October 31, 2013 in Latest News
Two new Leaders joined the Board of Slow Food East End as a result of elections held by members in October. Here are the bios they provided us with at that time.
M. Pierre Friedrichs, East Hampton
Slow Food Experience: I have been a member of Slow Food East End for the past three years with a recent emphasis on helping organize the annual event for the Josh Levine Memorial Foundation Fund, which benefits the Edible School Garden Group. Three years ago I organized, planned, promoted and executed a potluck lunch, tour and fundraiser at Mecox Bay Dairy.
I grew up on Millbank Farms, an 80-acre farm outside of New Orleans that has been in my family for 130 years where we raised our own livestock, poultry and vegetables. Most of the food my family ate was raised at Mill Bank Farms — “we always knew who we were eating.”
My career has been focused on food retailing — as a corporate caterer at Rockefeller Center, restaurant owner and front of house manager, independent caterer and private chef. I am a chef and farmer — engaged in many aspects of local farming, food and community. The past two summers I have served as a private chef for families on the East End incorporating not only products from my own farm, but those from many local growers and purveyors. We are so fortunate to live in a region where we have an abundance of farmers, food producers, fishermen/women, and vintners etc. who embrace the tenets of Slow Food.
Megan Schmidt, Sag Harbor
Slow Food Experience: Since moving to the East End, I have connected with people who see food and cooking the way I do through Slow Food East End.As a leader, I will do my part in keeping the momentum of Slow Food — the conversation, the implementation — strong and beneficial to the entire community. I am a board member of the Edible School Gardens group, co-founder of the Edible School Garden at The Child Development Center of the Hamptons in Wainscott; and a leader of the volunteer food-awareness group, Peconic Harvest.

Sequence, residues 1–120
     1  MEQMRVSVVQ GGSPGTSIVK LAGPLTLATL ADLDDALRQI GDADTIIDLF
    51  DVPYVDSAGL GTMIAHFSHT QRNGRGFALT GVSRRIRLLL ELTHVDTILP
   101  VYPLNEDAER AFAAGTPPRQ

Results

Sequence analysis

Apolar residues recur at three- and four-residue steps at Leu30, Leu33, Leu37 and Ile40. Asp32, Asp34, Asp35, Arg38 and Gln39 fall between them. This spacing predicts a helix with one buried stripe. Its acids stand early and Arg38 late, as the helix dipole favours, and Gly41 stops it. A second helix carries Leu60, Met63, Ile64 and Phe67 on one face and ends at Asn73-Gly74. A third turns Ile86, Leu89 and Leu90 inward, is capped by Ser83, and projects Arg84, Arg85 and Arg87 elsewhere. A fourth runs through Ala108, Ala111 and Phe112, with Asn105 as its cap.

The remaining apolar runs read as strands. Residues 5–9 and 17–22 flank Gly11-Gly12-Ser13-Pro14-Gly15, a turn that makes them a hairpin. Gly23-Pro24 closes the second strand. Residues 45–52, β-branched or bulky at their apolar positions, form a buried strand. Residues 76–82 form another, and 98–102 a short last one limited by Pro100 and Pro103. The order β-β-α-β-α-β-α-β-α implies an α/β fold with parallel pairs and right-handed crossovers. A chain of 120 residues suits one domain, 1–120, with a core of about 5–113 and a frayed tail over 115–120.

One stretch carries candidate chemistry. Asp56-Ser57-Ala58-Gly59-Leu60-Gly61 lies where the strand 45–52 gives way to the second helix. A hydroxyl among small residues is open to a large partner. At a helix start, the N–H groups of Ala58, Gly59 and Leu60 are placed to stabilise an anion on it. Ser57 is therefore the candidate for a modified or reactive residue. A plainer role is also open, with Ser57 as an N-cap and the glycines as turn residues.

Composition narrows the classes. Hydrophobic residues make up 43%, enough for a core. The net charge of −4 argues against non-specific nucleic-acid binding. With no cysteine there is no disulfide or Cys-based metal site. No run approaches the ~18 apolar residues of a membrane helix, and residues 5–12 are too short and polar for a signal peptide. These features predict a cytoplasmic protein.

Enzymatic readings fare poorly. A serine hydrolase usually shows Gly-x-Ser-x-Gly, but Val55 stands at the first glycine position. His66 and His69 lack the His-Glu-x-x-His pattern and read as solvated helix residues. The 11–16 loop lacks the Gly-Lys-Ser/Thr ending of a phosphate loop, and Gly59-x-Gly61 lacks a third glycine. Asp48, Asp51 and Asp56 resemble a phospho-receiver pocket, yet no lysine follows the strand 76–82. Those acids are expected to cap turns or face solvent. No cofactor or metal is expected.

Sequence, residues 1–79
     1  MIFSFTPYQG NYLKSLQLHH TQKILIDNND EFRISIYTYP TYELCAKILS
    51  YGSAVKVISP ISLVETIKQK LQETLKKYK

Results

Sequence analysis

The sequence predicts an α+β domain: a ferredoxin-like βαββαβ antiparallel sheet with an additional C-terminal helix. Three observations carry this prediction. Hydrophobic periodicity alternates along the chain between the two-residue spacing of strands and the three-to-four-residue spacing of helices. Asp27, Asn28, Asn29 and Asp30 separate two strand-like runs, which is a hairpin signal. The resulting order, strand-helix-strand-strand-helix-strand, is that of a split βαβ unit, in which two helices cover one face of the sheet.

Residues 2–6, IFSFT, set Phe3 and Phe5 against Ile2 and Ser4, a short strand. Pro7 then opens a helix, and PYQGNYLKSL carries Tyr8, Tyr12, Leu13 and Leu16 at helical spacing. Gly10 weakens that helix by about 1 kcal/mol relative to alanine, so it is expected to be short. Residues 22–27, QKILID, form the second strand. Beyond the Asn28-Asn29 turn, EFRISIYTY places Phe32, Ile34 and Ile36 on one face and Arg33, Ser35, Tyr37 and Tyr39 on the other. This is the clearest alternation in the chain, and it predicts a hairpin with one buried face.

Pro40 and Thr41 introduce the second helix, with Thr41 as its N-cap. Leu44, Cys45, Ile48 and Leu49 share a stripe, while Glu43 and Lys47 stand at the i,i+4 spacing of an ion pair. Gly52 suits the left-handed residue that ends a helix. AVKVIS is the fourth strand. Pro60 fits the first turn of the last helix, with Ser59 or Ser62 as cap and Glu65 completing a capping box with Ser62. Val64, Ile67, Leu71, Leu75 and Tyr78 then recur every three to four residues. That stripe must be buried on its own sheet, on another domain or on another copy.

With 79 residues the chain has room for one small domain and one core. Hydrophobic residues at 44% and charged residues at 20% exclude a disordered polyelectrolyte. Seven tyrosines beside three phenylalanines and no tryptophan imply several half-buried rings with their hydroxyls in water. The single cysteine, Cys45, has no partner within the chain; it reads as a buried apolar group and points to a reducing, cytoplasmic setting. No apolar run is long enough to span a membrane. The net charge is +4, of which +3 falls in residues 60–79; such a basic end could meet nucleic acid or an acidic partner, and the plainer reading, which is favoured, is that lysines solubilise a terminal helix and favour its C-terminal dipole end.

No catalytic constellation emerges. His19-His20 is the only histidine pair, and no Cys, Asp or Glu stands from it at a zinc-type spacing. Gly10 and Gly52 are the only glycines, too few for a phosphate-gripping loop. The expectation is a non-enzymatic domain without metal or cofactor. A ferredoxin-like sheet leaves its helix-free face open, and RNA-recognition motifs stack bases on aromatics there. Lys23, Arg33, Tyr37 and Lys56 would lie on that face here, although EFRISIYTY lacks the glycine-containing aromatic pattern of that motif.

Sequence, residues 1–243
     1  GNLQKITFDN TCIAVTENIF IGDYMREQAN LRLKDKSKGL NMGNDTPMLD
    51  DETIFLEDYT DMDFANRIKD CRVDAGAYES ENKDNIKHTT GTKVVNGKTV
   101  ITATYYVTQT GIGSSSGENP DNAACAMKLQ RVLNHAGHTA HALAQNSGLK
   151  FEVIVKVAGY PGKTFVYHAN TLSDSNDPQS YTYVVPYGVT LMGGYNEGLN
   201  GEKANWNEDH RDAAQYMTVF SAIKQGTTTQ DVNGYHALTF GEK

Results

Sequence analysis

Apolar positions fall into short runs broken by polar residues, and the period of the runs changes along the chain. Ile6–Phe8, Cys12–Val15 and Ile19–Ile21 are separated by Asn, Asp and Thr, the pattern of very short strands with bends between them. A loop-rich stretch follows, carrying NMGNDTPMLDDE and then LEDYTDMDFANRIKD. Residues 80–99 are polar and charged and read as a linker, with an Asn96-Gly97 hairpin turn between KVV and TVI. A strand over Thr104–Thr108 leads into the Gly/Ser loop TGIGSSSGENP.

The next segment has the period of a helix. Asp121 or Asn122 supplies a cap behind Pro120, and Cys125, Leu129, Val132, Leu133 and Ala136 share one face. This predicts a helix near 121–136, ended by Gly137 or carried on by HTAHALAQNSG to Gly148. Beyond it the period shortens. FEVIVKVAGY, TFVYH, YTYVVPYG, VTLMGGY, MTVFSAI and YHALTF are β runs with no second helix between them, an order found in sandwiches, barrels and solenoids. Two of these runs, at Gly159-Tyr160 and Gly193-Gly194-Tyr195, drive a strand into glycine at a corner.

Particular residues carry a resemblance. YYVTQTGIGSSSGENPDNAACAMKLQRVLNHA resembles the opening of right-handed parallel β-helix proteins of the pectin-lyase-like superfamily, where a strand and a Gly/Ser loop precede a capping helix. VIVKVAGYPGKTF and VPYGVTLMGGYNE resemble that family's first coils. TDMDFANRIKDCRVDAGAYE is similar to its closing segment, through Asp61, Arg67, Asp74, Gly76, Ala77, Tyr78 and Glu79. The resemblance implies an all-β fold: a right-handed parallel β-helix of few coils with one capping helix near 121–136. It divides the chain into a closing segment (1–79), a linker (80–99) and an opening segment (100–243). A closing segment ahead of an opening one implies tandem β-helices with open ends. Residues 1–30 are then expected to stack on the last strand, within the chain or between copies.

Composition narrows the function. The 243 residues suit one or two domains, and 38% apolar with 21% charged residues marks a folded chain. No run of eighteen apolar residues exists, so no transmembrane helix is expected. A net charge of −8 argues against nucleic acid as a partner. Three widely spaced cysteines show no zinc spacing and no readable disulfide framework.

In 2000, while living on the island of Maui, my family joined its first CSA program. As a city kid who took for granted where my food came from, living next to an onion farm and getting a weekly produce box, completely changed how I saw food, land and our relationship with it.
I am a health-conscious home cook, mother, food advocate and owner of The Good Farm Delivery, a “hyper” local food service for the South Fork that is currently winding down its first season. A year-round resident of the East End for 11 years, I have dedicated myself to supporting local food systems with my new company and promoting healthy food choices and conversation with my blog, The Good Bowl (thegoodbowl.com).
I hold a BA in Art History from Trinity College, and when not delivering local food, I freelance as a design and marketing consultant. A native New Yorker, I currently reside in Sag Harbor with my husband, Marc, and our young daughter.